— But you will be ready to say, what was your hope in doing this? — What did you look forward to? — To any thing, every thing — to time, chance, circumstances, slow effects, sudden bursts, perserverance and weariness ... Every possibility of good was before me, and the first of blessings secured ... — from Emma, by Jane Austen (1775-1817)
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November 15, 2010

The Brave Escape of Edith Wharton


I don't read children's books very often (although sometimes they're very appealing), but when I read a few months ago that a new biography of Edith Wharton had been published to good reviews, I was enchanted. If my nieces were younger, I would have bought this for them in a heartbeat, without even reading it. That's because to me, she is a fascinating (and yes, brave) woman as well as a great writer...but on the other hand, it was (it still is) a little hard to see her (and her circle of friends) as figures of interest for a 12 or 13 or 14-year-old girl.  Edith comes across (as she always has for me) as an old soul.

But Connie Nordhielm Wooldridge made a brave effort to make her one, and I'm so happy about that! The title of the book comes from the premise that Edith, even as a young girl, 'escaped' from the rigidity and stifling conventions of old New York Society to create a new kind of life for herself.  At the end of the book, the argument (a more nuanced, more persuasive one) is that 'in her lifetime, Edith Wharton managed to live properly in society while escaping from the restrictions that might have kept her from writing.' 

I remember reading my way through the shelf of children's biographies in my elementary school library (when I was admittedly a little younger than the intended reader of this book), and I'm sure that whatever facts I learned about Florence Nightingale or Eleanor Roosevelt were uplifting, positive and highly moral. So I found it interesting that this book didn't shy away from touching on Edith's wedding night or her affair with Morton Fullerton.  It also tells some of the stories that I've always loved, about Edith and her love of motor cars to Henry James' grumbling about buying a wheelbarrow with the proceeds of his last novel and having it painted with the money from the next one. It presents interesting information (I think) about old New York and about war work in Paris during the World War I, and it's filled with wonderful pictures. That's almost the best part of all.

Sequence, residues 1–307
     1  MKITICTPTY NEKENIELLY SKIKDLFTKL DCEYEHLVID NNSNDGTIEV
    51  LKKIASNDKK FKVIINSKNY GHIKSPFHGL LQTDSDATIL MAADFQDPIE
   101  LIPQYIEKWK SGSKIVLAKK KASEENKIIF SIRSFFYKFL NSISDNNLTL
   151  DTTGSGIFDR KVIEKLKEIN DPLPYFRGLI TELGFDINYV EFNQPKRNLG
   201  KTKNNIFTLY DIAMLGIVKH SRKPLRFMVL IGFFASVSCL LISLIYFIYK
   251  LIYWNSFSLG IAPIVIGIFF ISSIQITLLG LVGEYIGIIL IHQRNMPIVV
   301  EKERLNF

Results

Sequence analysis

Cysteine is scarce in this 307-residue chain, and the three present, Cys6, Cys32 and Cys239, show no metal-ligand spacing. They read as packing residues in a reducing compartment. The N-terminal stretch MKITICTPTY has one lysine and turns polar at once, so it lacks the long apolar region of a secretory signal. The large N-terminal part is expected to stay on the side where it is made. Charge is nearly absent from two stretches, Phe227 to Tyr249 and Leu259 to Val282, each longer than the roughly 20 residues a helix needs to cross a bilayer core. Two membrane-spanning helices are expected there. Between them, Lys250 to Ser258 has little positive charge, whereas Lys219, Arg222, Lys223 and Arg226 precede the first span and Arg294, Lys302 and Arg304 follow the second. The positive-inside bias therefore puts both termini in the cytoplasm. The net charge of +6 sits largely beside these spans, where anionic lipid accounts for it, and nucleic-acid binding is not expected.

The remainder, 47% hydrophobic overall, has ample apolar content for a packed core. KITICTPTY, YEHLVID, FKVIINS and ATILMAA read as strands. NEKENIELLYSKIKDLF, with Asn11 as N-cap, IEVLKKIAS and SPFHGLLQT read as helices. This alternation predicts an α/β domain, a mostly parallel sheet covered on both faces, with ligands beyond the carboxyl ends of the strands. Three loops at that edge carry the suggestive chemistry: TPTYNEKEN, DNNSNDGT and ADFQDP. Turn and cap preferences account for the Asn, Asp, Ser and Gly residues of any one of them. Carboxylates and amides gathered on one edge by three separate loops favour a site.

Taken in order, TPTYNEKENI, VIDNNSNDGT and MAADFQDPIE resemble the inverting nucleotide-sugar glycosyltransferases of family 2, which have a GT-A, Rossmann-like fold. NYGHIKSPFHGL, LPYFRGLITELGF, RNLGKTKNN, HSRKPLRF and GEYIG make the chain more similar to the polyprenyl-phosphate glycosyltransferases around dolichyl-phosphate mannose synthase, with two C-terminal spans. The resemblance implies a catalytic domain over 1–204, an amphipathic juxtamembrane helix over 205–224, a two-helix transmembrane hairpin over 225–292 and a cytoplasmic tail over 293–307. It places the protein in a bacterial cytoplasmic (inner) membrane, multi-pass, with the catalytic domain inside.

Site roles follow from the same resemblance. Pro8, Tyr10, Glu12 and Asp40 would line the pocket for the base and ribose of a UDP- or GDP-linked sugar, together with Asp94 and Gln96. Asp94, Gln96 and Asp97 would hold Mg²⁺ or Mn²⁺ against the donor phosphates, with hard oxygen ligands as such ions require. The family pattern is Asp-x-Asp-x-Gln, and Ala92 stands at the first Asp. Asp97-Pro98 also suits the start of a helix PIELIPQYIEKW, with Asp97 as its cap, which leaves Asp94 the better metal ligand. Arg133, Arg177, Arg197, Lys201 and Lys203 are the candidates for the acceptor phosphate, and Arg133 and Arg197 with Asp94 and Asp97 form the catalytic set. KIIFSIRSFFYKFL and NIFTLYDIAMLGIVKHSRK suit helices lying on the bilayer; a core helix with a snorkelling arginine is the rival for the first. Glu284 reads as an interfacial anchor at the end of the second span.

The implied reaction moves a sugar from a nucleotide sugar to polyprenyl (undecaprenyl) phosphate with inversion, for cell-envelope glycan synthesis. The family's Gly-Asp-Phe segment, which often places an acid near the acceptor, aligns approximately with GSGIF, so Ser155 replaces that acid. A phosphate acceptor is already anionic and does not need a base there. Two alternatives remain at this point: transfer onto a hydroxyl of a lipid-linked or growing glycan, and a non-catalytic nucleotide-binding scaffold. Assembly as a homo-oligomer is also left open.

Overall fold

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2 comments:

Coffee and a Book Chick said...

This definitely looks to be right up my alley -- I love Edith Wharton, and am planning a review soon on Ethan Frome, which I just finished on Sunday. I'll be putting this book on my list as well!

Many thanks!

Vintage Reading said...

I wonder how this biog escaped my radare? I'm a huge admirer of Edith Wharton and enjoyed your review of the book. Stunning picture of EW in the snow.

Thank you for visiting!

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